An Ounce of Prevention: Stop Harassment in the Workplace before it starts

Posted by Lisa Harrison - September 03, 2019

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We’ve all heard the Ben Franklin saying, “An ounce of prevention is worth a pound of cure.” As it turns out, preventing harassment in the workplace may be the “cure” we’re looking for and soon it may be a requirement in your state. A growing number of states and local jurisdictions are enacting legislation requiring employers to provide harassment training. Currently, five states - California, Connecticut, Delaware, Maine, New York - require training, two more are pending final signature, and many others are considering it. But just because your state may currently not require it, recent court decisions have made it clear that ALL employers in every state should be providing it. So, what to do?

 

The right tools and a solid foundation …

Combating a complicated problem, like harassment, needs to be multi-faceted. It needs to allow organizations to send consistent messages on policies, expectations and code of conduct to everyone simultaneously. Here are a few “must haves” in successful harassment training programs:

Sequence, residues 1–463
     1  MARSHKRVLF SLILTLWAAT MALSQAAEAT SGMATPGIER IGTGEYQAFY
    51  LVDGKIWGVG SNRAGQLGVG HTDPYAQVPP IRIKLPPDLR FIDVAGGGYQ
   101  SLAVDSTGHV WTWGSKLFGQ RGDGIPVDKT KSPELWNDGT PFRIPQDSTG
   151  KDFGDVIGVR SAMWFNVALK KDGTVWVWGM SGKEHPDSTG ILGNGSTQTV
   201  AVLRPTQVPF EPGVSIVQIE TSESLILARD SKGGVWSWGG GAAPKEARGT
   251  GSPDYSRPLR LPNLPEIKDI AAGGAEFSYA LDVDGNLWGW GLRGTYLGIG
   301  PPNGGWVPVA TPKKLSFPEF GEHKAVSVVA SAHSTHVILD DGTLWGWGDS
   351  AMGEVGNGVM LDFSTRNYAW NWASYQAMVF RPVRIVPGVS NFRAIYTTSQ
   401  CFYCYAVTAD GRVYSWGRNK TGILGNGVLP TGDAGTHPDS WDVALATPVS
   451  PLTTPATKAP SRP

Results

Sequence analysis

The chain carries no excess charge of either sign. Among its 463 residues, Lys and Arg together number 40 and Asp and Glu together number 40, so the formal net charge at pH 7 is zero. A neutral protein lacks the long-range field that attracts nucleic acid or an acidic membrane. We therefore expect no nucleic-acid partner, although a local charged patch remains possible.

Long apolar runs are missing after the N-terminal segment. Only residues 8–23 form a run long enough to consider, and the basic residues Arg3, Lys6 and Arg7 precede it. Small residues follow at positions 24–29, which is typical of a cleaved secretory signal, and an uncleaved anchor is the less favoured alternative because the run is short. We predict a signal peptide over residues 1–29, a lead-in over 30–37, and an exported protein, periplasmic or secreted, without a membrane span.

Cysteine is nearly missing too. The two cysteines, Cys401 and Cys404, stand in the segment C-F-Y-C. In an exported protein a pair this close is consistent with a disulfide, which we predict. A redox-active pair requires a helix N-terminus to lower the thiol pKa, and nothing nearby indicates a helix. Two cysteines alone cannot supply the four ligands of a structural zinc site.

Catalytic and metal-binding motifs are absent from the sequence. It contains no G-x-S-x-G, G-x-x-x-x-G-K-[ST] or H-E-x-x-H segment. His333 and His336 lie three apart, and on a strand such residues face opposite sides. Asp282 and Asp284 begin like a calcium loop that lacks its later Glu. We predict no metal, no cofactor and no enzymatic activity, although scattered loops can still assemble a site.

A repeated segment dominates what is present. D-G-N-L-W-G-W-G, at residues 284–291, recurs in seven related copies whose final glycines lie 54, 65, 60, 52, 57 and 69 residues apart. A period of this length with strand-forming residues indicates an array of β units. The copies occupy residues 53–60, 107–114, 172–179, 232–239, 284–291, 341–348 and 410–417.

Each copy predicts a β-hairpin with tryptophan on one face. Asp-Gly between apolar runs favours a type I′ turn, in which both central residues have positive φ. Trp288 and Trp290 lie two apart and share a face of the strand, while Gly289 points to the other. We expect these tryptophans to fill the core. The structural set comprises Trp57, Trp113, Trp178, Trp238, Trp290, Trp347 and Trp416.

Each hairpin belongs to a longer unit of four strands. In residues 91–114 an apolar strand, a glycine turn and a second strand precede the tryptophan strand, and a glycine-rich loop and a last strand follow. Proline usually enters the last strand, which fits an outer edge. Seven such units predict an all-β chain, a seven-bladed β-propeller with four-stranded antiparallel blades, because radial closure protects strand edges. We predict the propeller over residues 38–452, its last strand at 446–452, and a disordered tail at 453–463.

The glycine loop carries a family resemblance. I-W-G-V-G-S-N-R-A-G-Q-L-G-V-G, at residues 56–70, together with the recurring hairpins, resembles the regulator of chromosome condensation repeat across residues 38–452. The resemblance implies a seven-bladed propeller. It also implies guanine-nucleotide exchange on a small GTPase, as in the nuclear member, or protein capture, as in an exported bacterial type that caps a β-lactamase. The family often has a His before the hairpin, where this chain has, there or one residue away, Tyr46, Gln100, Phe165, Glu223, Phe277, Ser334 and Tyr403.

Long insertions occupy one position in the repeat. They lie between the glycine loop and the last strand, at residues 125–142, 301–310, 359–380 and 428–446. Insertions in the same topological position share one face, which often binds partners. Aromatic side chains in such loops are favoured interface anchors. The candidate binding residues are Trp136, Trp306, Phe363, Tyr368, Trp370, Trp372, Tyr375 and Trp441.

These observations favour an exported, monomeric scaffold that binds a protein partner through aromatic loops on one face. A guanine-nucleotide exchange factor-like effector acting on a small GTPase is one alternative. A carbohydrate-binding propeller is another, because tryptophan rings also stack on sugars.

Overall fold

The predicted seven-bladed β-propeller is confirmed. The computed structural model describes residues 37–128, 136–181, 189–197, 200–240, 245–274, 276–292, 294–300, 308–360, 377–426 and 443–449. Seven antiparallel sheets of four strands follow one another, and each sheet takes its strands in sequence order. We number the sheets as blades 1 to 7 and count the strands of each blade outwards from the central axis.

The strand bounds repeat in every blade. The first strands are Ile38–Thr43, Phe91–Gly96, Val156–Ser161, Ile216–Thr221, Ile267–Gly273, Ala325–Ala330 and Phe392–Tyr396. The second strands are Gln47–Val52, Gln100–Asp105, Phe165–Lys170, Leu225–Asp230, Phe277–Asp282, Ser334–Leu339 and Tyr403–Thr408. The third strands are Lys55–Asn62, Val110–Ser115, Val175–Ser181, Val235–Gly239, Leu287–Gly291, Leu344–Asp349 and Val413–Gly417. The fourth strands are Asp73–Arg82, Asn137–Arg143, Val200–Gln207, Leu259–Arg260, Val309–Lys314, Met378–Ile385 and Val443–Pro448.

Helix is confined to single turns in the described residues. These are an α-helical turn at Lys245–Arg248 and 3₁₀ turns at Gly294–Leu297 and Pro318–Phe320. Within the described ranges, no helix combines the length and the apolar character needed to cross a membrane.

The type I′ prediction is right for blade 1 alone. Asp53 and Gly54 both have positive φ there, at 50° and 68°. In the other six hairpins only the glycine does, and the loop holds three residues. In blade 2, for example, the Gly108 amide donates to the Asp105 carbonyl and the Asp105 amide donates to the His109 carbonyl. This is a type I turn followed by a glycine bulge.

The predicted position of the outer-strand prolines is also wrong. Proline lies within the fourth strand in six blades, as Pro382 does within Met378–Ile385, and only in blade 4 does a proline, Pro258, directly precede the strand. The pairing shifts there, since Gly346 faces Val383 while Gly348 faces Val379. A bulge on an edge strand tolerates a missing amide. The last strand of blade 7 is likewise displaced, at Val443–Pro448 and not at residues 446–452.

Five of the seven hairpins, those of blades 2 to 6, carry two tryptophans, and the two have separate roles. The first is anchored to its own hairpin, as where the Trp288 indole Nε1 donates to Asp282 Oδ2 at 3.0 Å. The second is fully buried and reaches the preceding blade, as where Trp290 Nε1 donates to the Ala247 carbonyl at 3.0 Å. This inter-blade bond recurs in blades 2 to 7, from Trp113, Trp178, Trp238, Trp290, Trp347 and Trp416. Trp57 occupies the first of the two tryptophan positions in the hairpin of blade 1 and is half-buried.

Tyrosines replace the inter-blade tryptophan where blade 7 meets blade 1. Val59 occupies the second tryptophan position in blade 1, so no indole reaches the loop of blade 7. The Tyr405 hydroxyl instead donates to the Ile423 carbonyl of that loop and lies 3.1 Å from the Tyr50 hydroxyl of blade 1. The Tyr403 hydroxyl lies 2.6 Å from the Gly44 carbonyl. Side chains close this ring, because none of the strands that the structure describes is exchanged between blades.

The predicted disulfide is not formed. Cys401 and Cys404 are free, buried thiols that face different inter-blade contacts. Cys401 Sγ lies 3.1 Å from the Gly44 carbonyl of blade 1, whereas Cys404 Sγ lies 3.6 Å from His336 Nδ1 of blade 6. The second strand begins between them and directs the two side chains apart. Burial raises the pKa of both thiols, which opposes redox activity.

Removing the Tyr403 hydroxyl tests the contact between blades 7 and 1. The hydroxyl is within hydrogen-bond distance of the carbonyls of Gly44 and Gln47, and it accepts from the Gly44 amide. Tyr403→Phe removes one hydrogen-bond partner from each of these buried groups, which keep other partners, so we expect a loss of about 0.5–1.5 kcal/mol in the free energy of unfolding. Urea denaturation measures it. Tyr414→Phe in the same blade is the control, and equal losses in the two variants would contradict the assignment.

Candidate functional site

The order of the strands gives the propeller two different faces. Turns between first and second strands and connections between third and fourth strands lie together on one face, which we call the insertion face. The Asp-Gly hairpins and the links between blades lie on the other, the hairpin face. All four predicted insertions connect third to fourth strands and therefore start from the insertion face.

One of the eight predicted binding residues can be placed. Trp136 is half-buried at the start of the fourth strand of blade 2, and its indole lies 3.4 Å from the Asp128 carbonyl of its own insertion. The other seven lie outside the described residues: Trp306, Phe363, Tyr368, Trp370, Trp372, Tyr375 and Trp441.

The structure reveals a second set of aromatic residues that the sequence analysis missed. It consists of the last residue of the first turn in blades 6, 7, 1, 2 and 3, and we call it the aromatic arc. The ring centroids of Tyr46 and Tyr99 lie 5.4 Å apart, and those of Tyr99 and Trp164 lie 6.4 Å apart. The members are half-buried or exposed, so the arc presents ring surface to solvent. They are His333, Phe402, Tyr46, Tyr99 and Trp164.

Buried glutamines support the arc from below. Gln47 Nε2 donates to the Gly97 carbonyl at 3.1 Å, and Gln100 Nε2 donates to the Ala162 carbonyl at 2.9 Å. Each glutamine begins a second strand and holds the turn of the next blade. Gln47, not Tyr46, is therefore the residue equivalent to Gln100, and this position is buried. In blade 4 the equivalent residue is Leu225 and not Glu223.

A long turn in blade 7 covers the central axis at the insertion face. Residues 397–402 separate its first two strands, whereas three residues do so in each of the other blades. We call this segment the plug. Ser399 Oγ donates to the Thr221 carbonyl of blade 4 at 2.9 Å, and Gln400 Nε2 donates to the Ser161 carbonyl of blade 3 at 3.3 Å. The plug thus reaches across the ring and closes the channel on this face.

• Define key terms such as harassment, discrimination and retaliation to ensure learners have the foundational understanding to build upon. Everyone does NOT have the same definition!
  • Use real-world scenarios outlining both illegal and unacceptable behavior. “Showing” can be more impactful than “telling” so use your creativity to design detail-rich scenarios. These can be created through high-quality videos, animation or other media to reinforce the message.
  • Communicate key federal/state/locate laws, making sure to outline your state’s requirements. Check with your organization’s Human Resource department to determine your state’s most updated compliance requirements.
  • Provide strategies for reporting instances of harassment, receiving complaints, documenting examples, and identifying necessary contacts. Learners want clear and concise processes.
  • Gear the learning to both employees and supervisors. They have different roles and responsibilities and the training should reflect that.
  • Use a tracking tool, such as a Learning Management System (LMS), to assess and report on your harassment training program as a whole.

Step toward the cure …

No single program can eliminate complex issues like harassment, discrimination and retaliation. A comprehensive training program will help lay the foundation to foster a respectful and civil workplace and get your company on the right path toward “the cure.”

 

Looking to Take the First Step?

Our customizable Preventing Harrassment learning series was crafted in partnership with some of our nation's leading labor attorneys and is compliant in all 50 states. It provides comprehensive training that supports your organization and gives you the tools you need to help stop harassment in the workplace before it begins. 

See a Demo

Topics: Preventing Harassment, sexual harassment, training


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